Proceedings of the 2013 annual meeting of the Netherlands Epidemiology Society
Volume 1 Issue S1 Abstract 16
M. Darvishian, University Medical Center Groningen, University of Groningen, the Netherlands
G. Gefenaite, University Medical Center Groningen, University of Groningen, the Netherlands
R.M. Turner, Medical Research Council Biostatistics Unit, Institute of Public Health, Cambridge, UK
P. Pechlivanoglou, University Medical Center Groningen, University of Groningen, the Netherlands
W. Van der Hoek, National Institute for Public Health and the Environment, the Netherlands
E. Van den Heuvel, Department of Epidemiology, University Medical Center Groningen, University of Groningen, the Netherlands
E. Hak, University Medical Center Groningen, University of Groningen, the Netherlands
Currently, existing meta-analyses investigating the real-world influenza vaccine effectiveness among community-dwelling elderly provide conflicting results due to lack of randomized clinical trials and presence of bias in observational studies. This study aimed to assess influenza vaccine effectiveness in non-institutionalized elderly by using a bias-adjusted meta- analysis.
Fourteen cohort studies were included in the analysis. All potential sources of biases were categorized into internal bias and external bias and were identified using self-administered bias-checklists. Magnitude and uncertainty of biases in each study were elicited using expert opinion. Biases for each study were first combined across assessors using median pooling, and then across studies using random-effects meta-analysis.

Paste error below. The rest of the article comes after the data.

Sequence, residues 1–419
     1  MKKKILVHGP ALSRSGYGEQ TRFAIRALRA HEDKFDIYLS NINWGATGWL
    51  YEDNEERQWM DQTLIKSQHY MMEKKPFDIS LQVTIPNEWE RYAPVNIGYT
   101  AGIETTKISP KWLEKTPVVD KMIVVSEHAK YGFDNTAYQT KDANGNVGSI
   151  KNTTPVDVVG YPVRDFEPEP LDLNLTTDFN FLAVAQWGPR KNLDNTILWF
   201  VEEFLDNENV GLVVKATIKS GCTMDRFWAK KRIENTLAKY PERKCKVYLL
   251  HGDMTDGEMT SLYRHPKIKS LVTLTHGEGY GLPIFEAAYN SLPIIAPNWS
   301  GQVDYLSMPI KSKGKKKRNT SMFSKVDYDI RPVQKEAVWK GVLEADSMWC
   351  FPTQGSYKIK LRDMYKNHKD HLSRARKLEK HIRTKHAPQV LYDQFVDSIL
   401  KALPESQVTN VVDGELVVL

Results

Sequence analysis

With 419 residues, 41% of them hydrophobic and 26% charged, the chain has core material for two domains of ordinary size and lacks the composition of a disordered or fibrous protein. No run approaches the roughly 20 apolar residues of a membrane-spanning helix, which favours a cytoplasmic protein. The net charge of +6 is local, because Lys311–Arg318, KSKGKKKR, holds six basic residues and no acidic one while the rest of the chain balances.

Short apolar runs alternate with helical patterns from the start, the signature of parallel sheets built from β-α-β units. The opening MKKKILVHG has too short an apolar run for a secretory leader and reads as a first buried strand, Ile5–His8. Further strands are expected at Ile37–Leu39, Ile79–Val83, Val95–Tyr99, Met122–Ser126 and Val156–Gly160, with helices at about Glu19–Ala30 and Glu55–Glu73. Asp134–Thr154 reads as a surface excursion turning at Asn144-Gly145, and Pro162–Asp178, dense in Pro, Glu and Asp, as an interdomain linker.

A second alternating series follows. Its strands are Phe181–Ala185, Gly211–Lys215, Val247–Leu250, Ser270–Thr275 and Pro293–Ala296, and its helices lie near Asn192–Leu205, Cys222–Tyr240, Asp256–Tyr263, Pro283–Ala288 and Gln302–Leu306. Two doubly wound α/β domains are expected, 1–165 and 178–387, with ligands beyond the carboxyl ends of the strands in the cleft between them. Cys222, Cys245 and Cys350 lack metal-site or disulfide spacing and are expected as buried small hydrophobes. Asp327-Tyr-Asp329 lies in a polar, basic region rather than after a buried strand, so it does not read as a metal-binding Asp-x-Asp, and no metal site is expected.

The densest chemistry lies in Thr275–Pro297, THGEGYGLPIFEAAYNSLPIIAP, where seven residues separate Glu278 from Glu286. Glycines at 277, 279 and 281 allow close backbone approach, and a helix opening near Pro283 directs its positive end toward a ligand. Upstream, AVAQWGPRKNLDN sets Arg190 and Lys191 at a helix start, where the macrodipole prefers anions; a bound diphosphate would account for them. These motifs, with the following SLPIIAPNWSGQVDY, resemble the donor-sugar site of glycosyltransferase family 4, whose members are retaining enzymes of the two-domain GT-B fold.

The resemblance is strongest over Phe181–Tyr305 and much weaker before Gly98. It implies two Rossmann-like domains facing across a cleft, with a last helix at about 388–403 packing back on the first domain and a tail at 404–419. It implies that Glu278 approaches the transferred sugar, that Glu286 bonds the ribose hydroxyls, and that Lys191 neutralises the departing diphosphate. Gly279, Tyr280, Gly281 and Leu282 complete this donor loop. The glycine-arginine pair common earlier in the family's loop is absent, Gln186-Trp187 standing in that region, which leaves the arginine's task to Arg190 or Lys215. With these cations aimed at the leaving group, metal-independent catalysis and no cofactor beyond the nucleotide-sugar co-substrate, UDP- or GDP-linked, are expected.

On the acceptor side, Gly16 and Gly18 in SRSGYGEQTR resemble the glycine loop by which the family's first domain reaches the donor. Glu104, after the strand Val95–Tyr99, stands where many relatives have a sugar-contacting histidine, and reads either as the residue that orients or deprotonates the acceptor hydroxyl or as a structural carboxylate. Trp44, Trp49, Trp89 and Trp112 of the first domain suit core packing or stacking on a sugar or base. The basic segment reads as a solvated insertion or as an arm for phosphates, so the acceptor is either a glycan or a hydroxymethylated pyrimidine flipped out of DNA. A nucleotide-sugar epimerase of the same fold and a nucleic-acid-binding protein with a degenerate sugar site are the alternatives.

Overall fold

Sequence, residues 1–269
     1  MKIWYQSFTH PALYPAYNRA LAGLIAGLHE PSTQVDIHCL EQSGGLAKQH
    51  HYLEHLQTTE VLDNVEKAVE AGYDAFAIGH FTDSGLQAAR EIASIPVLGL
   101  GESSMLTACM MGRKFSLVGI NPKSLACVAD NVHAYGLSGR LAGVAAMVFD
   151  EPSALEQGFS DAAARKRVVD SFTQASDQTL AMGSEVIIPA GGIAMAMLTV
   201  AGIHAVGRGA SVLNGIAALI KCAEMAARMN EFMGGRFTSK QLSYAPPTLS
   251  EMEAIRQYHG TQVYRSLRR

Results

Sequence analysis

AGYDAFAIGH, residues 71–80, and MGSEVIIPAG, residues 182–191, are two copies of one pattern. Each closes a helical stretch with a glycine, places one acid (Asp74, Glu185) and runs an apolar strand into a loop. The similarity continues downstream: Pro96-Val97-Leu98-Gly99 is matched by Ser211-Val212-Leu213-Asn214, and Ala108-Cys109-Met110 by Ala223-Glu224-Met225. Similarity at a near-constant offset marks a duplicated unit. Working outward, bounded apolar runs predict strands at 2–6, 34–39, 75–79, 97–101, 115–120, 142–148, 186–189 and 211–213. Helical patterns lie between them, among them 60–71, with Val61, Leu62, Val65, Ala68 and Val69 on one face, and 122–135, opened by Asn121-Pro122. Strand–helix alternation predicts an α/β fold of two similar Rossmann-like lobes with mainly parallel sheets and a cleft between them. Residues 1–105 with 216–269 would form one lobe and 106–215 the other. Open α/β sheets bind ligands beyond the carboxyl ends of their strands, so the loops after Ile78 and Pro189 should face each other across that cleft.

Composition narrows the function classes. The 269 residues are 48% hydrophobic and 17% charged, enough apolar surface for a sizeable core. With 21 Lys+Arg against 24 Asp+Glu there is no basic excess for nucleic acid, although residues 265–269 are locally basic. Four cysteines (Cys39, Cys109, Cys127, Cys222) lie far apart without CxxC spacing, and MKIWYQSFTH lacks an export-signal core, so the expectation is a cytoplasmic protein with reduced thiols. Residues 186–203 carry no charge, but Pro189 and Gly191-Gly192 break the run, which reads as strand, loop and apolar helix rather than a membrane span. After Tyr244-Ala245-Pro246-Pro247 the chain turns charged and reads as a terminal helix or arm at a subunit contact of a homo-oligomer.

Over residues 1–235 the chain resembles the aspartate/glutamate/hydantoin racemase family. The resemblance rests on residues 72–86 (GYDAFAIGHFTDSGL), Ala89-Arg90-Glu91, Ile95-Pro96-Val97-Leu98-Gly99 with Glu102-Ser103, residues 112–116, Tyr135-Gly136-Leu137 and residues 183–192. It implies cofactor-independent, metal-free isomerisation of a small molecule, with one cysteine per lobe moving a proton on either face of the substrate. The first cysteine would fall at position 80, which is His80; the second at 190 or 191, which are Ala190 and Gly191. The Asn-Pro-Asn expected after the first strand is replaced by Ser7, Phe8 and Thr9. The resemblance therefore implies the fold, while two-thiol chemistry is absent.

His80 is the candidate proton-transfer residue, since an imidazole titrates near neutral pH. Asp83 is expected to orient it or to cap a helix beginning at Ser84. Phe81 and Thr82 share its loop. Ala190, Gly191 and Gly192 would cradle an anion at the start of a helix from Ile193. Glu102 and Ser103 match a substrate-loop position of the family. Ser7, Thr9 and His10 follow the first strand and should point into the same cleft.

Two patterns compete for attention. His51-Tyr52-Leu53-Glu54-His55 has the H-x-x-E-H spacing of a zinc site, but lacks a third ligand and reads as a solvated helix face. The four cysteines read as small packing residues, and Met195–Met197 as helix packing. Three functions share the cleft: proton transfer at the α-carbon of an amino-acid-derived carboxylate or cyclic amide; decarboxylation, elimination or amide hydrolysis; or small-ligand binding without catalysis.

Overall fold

After bias-adjustment, the effect estimates of different outcomes (laboratory-confirmed influenza, influenza-like illness (ILI), hospitalization for influenza and/or pneumonia and all- cause mortality) did not substantially change with largest absolute difference between unadjusted and bias-adjusted odds ratios for all-cause mortality (OR 0.51; 95% CI: 0.40-0.65 vs. OR 0.64; 95% CI: 0.44-0.92). Influenza vaccine also remained statistically significantly effective in preventing hospitalization for influenza and/or pneumonia. However, the vaccine did not show statistically significant effectiveness against ILI after adjusting for the biases. Confidence intervals widened reflecting uncertainties about the biases. The level of heterogeneity reduced considerably after adjustments with no remaining significant
evidence of variation between studies (the largest reduction for all-cause mortality, I2=91%, P<0.01 vs. I2=4%, P=0.39).
Seasonal influenza vaccine is effective in reducing hospitalization for influenza and/or pneumonia and all-cause mortality even after incorporating large amount of uncertainty due to biases.
Published: 06 Jun, 2013